Spring is around the corner, and with the snow melting away, it’s a great time to discuss anthropological global warming (AGW). It’s still a bit chilly, but the best arguments against global warming are in the dead of winter, when some would welcome a more temperate climate.
But I digress.
In the coming months, one would wonder whether or not the warmer temperatures are actually caused by AWG. It is not a question of whether temperatures are rising or not (unless you believe the predicted incoming ice age as of 1970), but whether humans are causing the change, and how humans will respond.
Temperature records for the past are shaky. Some claim that the past decade is the hottest in the past thousand years, while others point out the Medieval Warm Period (when Vikings grew barley on Greenland) and the Urban Heat Island effect (the grasslands around temperature stations are now replaced by asphalt).
Carbon dioxide saturation is also mentioned (CO2 absorbs certain wavelengths, thus once most of a wavelength is absorbed, introducing more CO2 will barely increase temperature) as well as the increase in solar activity and discrepancy in temperature recordings (upper troposphere should be warming faster than the ground due to the greenhouse effect, however, it is warming less than the ground temperature).
No matter which way you turn, you have arguments and counterarguments. The truth is, nobody really knows for sure.
But people only worry who’s to blame because of the effects of a warmer climate, and even that is under debate.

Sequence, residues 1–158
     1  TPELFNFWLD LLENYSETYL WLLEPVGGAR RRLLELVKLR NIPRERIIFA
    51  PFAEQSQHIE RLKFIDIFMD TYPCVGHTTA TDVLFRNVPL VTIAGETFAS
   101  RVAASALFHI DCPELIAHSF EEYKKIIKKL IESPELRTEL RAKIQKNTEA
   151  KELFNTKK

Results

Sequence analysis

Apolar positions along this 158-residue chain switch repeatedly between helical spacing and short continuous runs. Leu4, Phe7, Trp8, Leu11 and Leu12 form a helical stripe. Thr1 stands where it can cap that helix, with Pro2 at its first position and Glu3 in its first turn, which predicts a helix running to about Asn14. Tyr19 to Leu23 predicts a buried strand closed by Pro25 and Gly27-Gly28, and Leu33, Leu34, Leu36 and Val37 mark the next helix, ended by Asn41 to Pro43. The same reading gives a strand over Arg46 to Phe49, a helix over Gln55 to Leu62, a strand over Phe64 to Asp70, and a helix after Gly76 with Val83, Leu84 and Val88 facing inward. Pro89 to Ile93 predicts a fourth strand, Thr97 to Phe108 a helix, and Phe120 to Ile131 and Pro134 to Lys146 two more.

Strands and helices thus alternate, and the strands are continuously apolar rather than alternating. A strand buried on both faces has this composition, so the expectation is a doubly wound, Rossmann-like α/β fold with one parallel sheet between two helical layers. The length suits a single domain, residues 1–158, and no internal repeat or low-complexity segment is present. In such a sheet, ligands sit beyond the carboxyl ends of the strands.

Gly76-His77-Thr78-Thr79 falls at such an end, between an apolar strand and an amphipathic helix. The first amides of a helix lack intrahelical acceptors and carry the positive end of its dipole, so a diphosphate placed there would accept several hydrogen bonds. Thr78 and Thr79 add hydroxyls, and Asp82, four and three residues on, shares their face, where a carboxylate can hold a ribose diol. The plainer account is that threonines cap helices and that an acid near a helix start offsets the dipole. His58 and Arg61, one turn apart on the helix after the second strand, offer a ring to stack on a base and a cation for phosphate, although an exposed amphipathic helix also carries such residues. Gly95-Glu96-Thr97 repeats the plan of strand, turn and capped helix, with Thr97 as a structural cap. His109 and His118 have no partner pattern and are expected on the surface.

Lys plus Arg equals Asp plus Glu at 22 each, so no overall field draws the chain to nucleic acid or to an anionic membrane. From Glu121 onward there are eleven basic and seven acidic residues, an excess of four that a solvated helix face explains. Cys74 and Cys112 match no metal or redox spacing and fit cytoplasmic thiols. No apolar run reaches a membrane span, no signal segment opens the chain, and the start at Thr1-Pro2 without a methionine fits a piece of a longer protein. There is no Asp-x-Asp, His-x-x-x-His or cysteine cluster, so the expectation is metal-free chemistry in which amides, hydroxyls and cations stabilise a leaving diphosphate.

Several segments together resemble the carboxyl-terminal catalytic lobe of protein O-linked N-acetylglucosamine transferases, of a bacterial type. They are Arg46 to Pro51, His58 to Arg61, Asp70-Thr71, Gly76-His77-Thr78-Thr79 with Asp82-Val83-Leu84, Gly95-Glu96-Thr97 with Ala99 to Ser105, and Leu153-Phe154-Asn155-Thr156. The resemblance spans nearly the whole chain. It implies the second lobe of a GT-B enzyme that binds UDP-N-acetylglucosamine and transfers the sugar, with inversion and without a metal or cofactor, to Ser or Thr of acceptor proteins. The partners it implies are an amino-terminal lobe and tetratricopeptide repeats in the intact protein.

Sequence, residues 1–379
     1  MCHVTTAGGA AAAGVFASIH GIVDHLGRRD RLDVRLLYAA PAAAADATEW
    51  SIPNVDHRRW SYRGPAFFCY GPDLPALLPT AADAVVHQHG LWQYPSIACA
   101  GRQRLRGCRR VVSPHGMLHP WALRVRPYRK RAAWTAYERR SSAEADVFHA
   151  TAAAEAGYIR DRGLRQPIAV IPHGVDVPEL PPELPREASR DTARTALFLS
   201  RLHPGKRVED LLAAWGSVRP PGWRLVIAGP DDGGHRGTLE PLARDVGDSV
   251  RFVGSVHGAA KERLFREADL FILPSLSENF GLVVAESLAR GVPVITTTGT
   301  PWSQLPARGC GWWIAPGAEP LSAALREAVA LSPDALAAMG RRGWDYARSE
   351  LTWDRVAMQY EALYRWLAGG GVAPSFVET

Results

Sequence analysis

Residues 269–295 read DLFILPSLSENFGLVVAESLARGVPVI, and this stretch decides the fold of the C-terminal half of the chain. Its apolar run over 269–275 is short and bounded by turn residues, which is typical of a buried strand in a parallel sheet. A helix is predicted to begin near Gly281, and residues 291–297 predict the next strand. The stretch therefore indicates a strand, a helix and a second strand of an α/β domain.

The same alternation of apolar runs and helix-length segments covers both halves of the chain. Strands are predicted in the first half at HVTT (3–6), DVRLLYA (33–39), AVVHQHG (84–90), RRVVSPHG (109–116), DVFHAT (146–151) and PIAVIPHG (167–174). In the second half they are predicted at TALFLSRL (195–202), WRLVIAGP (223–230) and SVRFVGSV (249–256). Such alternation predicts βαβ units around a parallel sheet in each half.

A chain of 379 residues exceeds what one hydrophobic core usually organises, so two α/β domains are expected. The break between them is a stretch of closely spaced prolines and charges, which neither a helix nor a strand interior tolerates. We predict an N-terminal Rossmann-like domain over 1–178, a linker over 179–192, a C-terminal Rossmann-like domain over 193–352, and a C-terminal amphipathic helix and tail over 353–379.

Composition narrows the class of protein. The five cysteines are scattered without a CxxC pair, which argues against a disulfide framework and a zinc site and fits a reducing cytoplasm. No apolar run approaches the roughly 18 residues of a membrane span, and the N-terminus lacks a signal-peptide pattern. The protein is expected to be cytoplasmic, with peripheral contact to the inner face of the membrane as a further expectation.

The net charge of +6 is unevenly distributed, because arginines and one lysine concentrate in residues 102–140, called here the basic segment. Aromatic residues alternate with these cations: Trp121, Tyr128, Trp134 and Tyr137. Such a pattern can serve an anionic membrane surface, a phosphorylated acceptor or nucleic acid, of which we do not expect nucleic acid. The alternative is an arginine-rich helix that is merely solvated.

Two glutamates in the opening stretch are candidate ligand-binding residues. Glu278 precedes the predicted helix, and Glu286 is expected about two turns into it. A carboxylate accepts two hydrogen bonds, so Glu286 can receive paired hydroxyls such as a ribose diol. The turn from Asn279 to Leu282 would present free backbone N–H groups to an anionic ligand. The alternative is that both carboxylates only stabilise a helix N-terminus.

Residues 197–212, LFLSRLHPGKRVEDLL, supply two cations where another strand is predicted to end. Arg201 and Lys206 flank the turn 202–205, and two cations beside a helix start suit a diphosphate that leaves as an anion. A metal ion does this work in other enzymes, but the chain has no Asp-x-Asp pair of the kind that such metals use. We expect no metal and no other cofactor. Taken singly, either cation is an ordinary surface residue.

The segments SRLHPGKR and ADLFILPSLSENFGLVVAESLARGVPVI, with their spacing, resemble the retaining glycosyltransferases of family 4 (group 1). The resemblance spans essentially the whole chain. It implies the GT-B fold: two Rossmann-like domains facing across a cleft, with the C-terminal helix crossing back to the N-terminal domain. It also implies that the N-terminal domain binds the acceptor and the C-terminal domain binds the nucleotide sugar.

One hears about droughts, floods, heat waves, cold snaps, tornadoes and extinctions all blamed on climate change, but which of them can be true? Warmer temperatures create more powerful storms, but the warming also decreases the frequency of them (cooler areas warm more than hot areas; storms form when cold and warm fronts collide).
Sea levels may rise from the melting of glaciers, but increased precipitation from the increased temperature thickens glaciers as well. Precipitation patterns will change, but even the best climatologists have no idea how the increased number of clouds will affect temperature.
Plants and animals will adapt. Wildlife will move about , but relatively few will go extinct (compared to other things, such as deforestation). The animals alive today have survived millions of years virtually unchanged, in warmer temperatures than today. They will find a way to survive.
But will we? With our irksome habit of building out biggest cities the most dangerous places (California, Japan, Gulf of Mexico), there’s no wonder why we’re being effected. And is it worth spending our taxpayer dollars trying to delay the problem that will just occur another hundred years in the future?
We’re already overdue for a warming period (natural cycles, not AWG). We don’t know enough to make a firm bet, we might as well embrace the increased GDP and crop yields that come along with a moderate increase in temperature.
But hey, I know I’m not the only one looking forward to warmer winters.